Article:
Do I need a BAA with:
Banks or other financial institutions? No. According to the Department of Health and Human Services (HHS), when a bank or other financial institution conducts its normal banking or financial transaction services for its consumers, it is not considered to be performing an act for or on behalf of a Covered Entity. Instead, it is simply engaging in normal services that it provides to all of its customers. Thus, a BAA is not required between a Covered Entity and its bank or financial institution. Note: Transactions beyond the normal scope of financial/banking operations DO require a BAA. For example, having Square send an invoice to a client regarding a bank transaction would be beyond the normal scope of banking operations and would require a BAA with Square.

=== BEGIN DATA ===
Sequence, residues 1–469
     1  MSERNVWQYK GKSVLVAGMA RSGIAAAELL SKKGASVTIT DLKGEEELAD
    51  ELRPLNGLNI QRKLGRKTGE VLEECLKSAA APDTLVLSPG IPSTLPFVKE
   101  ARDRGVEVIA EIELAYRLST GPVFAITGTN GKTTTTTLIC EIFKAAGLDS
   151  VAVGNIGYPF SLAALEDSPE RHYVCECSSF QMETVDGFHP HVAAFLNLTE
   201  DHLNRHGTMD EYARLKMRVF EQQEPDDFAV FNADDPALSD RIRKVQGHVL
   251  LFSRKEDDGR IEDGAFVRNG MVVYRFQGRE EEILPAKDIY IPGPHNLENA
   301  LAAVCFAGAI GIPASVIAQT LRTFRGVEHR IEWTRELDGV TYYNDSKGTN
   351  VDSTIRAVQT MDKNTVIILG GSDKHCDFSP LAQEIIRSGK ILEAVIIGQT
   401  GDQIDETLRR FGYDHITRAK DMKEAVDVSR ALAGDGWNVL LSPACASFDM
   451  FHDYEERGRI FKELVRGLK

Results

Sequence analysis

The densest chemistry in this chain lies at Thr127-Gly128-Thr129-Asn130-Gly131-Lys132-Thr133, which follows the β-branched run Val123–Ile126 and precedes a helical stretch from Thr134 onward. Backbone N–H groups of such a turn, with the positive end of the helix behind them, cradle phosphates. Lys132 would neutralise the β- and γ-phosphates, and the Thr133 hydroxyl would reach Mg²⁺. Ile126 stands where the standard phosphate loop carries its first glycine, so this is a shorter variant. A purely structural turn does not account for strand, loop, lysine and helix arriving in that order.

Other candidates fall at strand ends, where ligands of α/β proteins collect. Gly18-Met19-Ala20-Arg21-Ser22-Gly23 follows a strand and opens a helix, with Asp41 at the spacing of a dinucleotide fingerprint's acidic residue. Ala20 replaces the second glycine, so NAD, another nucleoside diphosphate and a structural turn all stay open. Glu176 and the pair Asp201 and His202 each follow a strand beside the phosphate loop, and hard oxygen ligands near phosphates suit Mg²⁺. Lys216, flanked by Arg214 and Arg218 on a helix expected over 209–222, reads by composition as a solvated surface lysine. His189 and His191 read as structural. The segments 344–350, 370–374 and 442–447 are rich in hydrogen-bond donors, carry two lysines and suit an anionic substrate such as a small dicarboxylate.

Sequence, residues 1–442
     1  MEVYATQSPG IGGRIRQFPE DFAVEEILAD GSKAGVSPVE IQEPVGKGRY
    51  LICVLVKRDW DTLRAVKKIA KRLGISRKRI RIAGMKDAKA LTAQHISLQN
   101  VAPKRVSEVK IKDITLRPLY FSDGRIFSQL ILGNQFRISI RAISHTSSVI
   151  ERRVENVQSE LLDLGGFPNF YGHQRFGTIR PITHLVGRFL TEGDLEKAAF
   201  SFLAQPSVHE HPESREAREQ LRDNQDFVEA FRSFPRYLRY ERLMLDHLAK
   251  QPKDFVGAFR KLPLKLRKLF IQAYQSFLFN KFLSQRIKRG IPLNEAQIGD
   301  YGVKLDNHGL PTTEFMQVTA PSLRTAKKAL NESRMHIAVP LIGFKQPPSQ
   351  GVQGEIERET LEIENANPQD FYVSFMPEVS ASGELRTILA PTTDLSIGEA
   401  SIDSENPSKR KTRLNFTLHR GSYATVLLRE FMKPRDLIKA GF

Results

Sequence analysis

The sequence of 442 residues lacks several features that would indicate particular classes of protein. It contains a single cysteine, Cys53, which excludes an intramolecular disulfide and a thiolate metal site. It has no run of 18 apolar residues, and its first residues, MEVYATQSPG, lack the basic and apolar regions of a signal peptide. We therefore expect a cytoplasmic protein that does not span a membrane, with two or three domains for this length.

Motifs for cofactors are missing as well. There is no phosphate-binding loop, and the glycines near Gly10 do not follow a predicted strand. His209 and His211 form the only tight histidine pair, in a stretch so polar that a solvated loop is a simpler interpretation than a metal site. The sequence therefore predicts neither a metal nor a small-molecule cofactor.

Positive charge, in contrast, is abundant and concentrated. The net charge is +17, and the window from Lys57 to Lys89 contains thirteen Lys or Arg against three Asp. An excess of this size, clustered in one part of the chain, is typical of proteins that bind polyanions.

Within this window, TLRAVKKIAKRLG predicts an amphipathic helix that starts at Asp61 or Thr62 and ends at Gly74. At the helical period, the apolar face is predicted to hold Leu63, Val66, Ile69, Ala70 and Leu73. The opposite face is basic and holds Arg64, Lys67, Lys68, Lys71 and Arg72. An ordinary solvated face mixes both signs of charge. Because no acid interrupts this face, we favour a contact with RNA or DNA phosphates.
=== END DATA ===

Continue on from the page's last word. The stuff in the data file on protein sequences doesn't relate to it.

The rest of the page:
Psychologists who share office space? Not usually, as long as the psychologists do not share PHI with each other and take reasonable precautions to protect against accidental disclosures of PHI to other office-mates. In an office sharing situation, it is often the case that the providers sharing the space may have occasional access to the PHI of another provider’s patients. For example, a provider may hear the name of a patient being called from the waiting room or may see the name on a patient sign-in sheet. Such disclosures would be considered “incidental disclosures” – secondary disclosures that occur as a result of a permitted disclosure, that are limited in nature, and that cannot reasonably be prevented. These incidental disclosures are permissible, but only if: (1) the Covered Entity has reasonable safeguards in place to protect the privacy of individual patients; and (2) the Covered Entity has implemented the minimum necessary standard. The “reasonableness” of safeguards varies depending on the specific characteristics of the entity. If, however, the Covered Entity does not have such safeguards in place (e.g., all providers share one common file cabinet for records or share an EHR system where providers can access PHI of the other providers’ patients), then a BAA should be in place among the people who will have access to the PHI of the patients of other providers.